Roboski massacre and the U.S. drones

Wall Street Journal investigates role of U.S. drones in Roboski massacre
In a long article published on the Wall Street Journal, Adam Entous and Joe Parkinson investigate the massacre in the village of Roboski. On 28 December Turkish military forces bombed a group of villagers crossing the border into Iraq for small smuggling, the sole activity in that impervious mountain area. Thirty four people were killed when war planes stroke.
The civilian toll also set off alarms at the Pentagon: It was a U.S. Predator drone that spotted the men and pack animals, officials said, and American officers alerted Turkey.
Entous and Parkinson writh that the U.S. drone flew away after reporting the caravan’s movements, leaving the Turkish military to decide whether to attack, according to an internal assessment by the U.S. Defense Department, described to The Wall Street Journal. “The Turks made the call,” a senior U.S. defense official said. “It wasn’t an American decision.”

The journalists underline that “the U.S. role, which hasn’t previously been reported, revealed the risks in a new strategy for extending American influence around the globe. It raises an outstanding question for the White House and Congress: How far do we entrust allies with our deadly drone technology?”

The article argues that “after a decade of troop-intensive land wars, the Obama administration is promoting advanced drones, elite special forces and intelligence resources as a more nimble, and less expensive, source of military power. The strategy relies heavily on close cooperation with regional allies, in part to reduce the need for American troops on the ground”.

The downside to such arrangements, say to the WSJ current and former U.S. officials, is that “countries can use U.S. intelligence in ways the Pentagon and the Central Intelligence Agency can’t control. Allies have varying standards for deciding who is a justified target. And these partnerships can embroil the U.S. in local disputes with only slender links to the security of Americans”.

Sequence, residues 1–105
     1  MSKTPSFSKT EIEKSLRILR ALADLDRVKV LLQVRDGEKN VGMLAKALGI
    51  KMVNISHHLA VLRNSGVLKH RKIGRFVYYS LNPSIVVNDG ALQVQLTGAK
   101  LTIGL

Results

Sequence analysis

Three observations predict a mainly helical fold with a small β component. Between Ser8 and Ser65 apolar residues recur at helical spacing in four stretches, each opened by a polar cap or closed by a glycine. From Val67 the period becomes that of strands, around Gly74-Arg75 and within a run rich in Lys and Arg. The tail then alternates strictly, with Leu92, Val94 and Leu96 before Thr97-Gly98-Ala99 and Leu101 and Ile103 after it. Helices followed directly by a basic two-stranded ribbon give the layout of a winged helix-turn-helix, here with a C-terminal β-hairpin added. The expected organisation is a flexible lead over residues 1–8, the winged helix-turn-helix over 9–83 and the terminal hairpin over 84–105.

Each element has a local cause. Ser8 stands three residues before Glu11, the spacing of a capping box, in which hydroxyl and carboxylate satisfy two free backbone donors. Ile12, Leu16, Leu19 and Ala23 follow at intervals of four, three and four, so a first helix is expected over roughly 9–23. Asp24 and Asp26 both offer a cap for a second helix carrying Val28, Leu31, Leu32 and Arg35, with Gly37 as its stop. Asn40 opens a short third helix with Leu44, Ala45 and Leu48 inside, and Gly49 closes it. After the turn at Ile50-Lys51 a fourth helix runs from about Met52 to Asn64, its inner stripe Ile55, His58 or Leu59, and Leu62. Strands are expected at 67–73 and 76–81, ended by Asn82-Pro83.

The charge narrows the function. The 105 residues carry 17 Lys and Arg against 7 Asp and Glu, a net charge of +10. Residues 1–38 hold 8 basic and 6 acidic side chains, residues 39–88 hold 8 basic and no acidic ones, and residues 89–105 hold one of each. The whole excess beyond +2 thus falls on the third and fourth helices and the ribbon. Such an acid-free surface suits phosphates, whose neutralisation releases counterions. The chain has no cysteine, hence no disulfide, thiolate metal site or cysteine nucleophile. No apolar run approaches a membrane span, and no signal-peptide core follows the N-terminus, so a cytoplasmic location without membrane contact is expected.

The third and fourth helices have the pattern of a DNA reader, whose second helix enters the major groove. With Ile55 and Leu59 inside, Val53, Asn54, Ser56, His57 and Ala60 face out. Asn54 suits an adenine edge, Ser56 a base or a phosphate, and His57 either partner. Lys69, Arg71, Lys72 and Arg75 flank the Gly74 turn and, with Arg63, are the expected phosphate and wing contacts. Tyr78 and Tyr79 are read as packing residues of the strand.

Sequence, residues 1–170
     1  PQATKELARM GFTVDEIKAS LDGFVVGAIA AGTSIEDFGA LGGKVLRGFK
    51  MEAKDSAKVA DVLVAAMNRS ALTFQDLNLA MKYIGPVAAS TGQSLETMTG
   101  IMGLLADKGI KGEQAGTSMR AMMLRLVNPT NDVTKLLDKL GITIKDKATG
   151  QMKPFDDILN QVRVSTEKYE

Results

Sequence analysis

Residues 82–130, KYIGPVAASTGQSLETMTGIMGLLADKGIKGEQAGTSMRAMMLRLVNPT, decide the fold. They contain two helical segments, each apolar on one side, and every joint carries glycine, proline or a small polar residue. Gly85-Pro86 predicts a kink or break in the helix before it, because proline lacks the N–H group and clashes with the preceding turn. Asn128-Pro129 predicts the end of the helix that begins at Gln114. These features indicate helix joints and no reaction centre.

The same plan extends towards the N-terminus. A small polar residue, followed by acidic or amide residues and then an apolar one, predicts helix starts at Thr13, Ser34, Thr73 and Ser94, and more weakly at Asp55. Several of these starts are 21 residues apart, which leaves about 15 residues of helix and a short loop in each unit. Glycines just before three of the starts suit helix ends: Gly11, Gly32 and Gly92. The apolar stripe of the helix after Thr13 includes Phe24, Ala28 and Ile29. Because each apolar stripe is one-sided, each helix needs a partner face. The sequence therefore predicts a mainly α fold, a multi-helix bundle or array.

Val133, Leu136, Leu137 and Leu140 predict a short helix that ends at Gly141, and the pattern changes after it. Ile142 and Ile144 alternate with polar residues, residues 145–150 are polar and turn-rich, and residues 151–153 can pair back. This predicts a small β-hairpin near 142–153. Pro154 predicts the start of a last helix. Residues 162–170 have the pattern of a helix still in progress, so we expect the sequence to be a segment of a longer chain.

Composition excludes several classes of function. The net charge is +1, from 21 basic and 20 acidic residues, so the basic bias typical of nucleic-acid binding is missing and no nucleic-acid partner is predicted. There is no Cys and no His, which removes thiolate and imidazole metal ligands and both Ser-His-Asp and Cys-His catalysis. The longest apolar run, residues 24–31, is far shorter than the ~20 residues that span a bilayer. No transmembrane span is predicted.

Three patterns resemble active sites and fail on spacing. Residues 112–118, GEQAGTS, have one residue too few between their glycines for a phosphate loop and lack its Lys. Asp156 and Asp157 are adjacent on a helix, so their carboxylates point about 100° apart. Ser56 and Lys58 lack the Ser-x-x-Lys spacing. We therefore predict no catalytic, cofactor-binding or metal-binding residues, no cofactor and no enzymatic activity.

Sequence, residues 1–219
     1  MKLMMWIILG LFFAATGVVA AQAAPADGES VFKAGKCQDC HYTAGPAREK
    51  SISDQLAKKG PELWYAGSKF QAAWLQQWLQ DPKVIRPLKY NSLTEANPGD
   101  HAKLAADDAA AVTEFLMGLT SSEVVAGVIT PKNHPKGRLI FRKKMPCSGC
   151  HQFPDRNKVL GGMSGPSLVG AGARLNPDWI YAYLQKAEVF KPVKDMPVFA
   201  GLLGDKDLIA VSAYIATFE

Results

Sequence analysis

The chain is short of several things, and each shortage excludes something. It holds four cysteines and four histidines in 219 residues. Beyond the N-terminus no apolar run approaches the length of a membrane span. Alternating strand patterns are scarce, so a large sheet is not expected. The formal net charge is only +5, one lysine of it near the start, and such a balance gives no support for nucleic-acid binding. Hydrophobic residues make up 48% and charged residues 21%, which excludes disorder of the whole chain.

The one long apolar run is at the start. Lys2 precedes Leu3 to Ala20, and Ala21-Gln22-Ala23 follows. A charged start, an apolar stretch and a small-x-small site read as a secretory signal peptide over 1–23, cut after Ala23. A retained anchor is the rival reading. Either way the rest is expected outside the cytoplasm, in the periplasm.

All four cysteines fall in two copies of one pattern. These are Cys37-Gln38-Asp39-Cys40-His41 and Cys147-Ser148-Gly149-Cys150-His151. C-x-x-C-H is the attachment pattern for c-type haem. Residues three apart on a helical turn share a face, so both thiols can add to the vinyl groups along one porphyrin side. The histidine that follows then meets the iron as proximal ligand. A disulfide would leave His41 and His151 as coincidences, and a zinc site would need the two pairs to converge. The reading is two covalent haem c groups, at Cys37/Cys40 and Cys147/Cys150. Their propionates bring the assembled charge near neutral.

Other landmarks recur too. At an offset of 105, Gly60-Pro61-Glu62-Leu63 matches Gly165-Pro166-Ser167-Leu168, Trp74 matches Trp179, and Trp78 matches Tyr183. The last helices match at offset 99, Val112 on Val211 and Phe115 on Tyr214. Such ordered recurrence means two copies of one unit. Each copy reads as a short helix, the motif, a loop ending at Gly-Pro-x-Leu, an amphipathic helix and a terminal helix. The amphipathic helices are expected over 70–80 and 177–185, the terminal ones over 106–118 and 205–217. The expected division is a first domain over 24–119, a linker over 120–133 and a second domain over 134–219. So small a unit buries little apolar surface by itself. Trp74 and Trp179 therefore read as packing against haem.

The article quotes chairman of the House Intelligence Committee, Rep Mike Rogers as saying: “What happens if this information gets to the [foreign] government and they do something wrong with it, or it gets into the hands of someone who does something wrong with it?” said Rep. Mike Rogers (R., Mich.), chairman of the House Intelligence Committee, who didn’t know specific details of the attack”.

At the Pentagon, press secretary George Little said when asked about the strike, “Without commenting on matters of intelligence, the United States strongly values its enduring military relationship with Turkey.”

The WSJ underlines that “U.S. drone flights in support of Turkey date from November 2007, when the Bush administration set up what is called a Combined Intelligence Fusion Cell in Ankara, part of an effort to nurture ties with the government led by Prime Minister Recep Tayyip Erdogan. U.S. and Turkish officers sit side by side in the dimly lighted complex monitoring real-time video feeds from Predator drones.

The Obama administration has moved to expand cooperation—by stepping up intelligence sharing and by supporting Turkey’s request to buy armed and unarmed U.S. drones to give the Turks full control”.

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